Tuesday, June 24, 2014

The Future of Christianity

My master’s thesis began with a cryptic quote from German theologian, Karl Rahner:

“The Christian of the future will be a mystic
or he will not exist at all.”[1]

But what does this enigmatic statement mean? What is a “mystic” and what does it mean that some Christians of the future “will not exist at all”? Interestingly, when we fast-forward fifty years from Rahner’s statement and ponder the “Christians of the future,” we find ourselves looking into the mirror. He is talking about us! We only need to stop and look around to see if what he said was true.

Now most people get tripped up by one word: mystic. Most of us hear the word mystic and think of levitating bodies and divine visions. We think of those superhuman holy men and women, those elite few whose privileged personal intimacy with God yield mysterious powers from another world. Yet for Rahner, the mystic is something far more accessible, more practical, more human.

To understand what Rahner is talking about, we need only look at one story from the gospel of John. At the very end John’s account, Mary Magdalene, downtrodden and deflated by the crucifixion of her Savior, went out to search for his body. “They have taken my Lord away,” she cried, “and I don’t know where they have put him”(Jn 20:13b).

What she didn’t realize was that Jesus was right in her midst. The living water to quench her thirst, the heavenly bread to satisfy her hunger, was standing right in front of her. Lost in sorrow, she was looking for the way. Confused and disoriented, she was searching for the truth. Lifeless and broken, she was looking for the only life that really mattered. Quite unknown to her, the object of her longing was right there in front of her. Matter of fact, Jesus spoke plainly to her and what he said changed her life forever.

Addressing this wounded woman, Jesus answered her need with one word:


Jesus, the Lord of the universe, spoke her name. Jesus, the name above all names, addressed the end of all of her desires in a single word. He spoke her name with love and tenderness. And with this a "new horizon and a decisive direction" to her life was born (Pope Benedict XVI, Deus Caritas Est, 1).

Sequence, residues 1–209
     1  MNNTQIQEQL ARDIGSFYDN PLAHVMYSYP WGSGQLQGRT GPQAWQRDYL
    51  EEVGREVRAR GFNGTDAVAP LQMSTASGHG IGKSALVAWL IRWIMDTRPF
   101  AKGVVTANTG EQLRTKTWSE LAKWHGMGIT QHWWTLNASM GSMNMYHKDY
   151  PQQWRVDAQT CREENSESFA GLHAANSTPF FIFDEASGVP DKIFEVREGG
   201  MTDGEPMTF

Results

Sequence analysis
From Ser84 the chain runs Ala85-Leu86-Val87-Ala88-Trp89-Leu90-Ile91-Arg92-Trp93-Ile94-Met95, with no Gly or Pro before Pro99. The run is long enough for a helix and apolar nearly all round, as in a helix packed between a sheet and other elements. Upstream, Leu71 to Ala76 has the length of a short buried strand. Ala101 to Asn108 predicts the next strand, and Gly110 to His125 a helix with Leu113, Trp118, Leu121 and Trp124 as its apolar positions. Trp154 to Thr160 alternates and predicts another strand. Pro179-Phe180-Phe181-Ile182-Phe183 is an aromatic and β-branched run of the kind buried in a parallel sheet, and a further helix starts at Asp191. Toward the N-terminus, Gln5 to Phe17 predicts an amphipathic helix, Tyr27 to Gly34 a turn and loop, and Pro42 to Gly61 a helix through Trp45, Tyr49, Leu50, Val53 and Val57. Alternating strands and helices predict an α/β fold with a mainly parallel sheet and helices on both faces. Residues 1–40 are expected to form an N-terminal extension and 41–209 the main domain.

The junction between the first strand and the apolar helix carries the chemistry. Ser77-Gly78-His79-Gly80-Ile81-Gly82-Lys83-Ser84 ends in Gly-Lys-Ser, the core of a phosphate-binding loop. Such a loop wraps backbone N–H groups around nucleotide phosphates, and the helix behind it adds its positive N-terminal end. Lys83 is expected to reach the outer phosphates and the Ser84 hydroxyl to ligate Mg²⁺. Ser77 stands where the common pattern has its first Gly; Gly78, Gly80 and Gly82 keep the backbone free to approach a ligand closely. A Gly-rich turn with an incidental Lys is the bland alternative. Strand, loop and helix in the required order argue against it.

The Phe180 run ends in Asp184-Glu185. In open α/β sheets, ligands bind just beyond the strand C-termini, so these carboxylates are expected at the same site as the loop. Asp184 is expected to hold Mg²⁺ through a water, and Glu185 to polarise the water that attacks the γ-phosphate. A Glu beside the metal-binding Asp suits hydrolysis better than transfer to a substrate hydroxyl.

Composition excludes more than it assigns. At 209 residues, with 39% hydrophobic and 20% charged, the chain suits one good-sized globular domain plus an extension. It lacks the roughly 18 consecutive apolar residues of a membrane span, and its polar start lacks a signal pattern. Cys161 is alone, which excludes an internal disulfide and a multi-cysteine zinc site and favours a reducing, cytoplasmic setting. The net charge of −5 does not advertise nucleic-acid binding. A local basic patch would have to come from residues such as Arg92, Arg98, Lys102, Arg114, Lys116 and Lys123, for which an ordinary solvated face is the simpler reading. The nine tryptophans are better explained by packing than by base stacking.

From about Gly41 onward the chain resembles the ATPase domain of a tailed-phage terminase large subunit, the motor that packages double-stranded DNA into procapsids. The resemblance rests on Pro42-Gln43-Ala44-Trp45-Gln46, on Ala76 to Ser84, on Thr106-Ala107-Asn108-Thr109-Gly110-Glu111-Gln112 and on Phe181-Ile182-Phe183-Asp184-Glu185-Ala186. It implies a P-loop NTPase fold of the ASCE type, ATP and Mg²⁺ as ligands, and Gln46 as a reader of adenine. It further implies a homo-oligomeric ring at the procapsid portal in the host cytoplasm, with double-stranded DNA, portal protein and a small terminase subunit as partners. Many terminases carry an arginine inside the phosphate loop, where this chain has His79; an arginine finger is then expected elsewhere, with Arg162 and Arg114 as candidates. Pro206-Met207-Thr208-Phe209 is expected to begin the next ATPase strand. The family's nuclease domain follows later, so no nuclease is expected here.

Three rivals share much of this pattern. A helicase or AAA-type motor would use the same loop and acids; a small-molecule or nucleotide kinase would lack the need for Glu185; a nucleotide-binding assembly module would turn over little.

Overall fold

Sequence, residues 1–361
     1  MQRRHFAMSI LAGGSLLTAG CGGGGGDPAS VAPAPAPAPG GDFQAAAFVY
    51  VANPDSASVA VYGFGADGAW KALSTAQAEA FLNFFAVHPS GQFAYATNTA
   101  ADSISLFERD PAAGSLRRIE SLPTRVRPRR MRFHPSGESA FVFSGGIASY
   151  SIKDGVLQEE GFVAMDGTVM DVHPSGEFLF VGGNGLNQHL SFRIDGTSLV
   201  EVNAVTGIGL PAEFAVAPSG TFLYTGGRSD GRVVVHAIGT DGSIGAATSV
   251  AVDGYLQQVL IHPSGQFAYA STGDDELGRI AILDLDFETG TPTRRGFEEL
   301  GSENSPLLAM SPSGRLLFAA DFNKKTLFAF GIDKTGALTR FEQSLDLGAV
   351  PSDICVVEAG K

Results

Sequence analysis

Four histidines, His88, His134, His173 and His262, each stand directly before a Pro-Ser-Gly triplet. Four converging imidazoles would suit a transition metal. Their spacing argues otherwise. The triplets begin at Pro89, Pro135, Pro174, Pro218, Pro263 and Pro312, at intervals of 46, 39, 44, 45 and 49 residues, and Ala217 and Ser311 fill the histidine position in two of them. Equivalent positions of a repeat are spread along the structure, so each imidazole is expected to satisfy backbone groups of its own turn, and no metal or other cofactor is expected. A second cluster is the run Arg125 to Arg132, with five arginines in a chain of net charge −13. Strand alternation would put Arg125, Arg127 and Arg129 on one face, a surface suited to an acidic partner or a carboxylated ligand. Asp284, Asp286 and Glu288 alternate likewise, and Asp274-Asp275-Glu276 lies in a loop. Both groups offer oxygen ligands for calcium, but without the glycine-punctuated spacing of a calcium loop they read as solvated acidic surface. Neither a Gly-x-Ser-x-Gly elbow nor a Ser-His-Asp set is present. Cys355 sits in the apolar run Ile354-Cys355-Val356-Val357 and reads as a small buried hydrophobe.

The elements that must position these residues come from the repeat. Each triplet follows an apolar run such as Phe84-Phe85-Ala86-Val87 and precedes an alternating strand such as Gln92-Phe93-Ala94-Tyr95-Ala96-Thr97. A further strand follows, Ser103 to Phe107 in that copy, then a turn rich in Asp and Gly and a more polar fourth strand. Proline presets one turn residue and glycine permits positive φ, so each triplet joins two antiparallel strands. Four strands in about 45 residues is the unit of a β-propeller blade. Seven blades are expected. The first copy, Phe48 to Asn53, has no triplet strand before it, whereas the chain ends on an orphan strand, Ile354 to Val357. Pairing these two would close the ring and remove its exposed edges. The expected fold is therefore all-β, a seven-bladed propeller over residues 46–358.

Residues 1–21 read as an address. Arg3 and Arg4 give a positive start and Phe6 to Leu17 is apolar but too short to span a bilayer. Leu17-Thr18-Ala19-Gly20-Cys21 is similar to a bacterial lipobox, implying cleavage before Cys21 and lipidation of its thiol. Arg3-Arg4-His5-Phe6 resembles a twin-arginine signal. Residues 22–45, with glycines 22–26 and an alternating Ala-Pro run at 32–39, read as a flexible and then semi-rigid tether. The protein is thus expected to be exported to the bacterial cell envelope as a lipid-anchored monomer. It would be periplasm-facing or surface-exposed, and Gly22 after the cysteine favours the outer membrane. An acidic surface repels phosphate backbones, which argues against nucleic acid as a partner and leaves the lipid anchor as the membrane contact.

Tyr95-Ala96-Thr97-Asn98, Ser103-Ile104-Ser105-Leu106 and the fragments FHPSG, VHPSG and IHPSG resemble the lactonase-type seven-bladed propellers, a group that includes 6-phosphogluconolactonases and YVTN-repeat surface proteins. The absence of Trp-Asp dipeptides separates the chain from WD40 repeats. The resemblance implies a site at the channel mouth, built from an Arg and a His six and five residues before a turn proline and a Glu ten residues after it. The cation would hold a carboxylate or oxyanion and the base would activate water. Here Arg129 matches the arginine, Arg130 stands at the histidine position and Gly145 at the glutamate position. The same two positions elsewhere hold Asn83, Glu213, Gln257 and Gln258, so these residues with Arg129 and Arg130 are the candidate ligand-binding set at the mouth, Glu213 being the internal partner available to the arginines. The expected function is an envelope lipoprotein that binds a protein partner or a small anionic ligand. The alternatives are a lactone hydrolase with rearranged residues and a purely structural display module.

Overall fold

“In essence, that is the whole gospel,” notes Ronald Rolheiser.[2] “What are we ultimately looking for? What is the end of all desire? What drives us out into gardens to search for love? The desire to hear God pronounce our names in love. To hear God, lovingly say: “Mary”, “Jack”, “Jennifer”, “Walter”.[3]

This is the core of mysticism and the heart of Rahner’s statement about the future of Christianity. It is about experiencing the person of God personally. "We are all about a person," noted Cardinal Timothy Dolan of New York, "the greatest person who ever lived, who also happens to be my best friend, who knows me and calls me by name, who invites me to spend eternity with him." "We are not saved by a formula but by a Person," exclaimed Pope John Paul II. We will rise or fall on our personal encounters of the living God who speaks our names in love and changes our lives over and over again. The enduring presence of Jesus Christ is made manifest in the lives of those who have experienced God as Abba, a loving Father who holds, protects and loves his children as only a parent can.

“What is important is our encounter with Jesus, our encounter with him,” Pope Francis extolled in his 2013 Pentecost Vigil message.  “This is what gives you faith because he is the one who gives it to you!" The future of Christianity does not rest on the moralists or the scholars, the powerful or the privileged (as important as they all are), but on those who have encountered the person of Jesus, who have heard his voice, and who follow him with love and trust.

The mystic that Rahner was talking about is us.  All of us.

“I am returning to my Father and your Father, to my God and your God,” Jesus said to Mary.[4] Without this deep and personal encounter with God, it is impossible for us to understand the life of Christ and the mission he asks us to carry on in his name. Without this transformative encounter with the very Word of life, we have nothing to pass on to the next generation. Without hearing our own names on the sacred tongue of God, we will never be able to speak the names of others in the intimacy and power of our loving Father.

Open your ears and hear afresh the power of one word, your name, spoken lovingly by a God who is closer to us than we are to ourselves. The future begins today.

"The Lord called me from birth,
from my mother's womb he gave me my name."
Isaiah 49:1

[1] Karl Rahner, The Practice of Faith: A Handbook of Contemporary Spirituality (New York: Crossroad, 1986), 78.
[2] Ronald Rolheiser is a Canadian-born systematic theologian, priest of the Missionary Oblates of Mary Immaculate (OMI), and president of the Oblate School of Theology in San Antonio, Texas.
[3] Ron Rolheiser, “Mystic or Unbeliever,” April 20, 2008, accessed June 24, 2014 at: http://ronrolheiser.com/mystic-or-unbeliever/#.U6mgxxYdLfJ.
[4] Jn 20:17.

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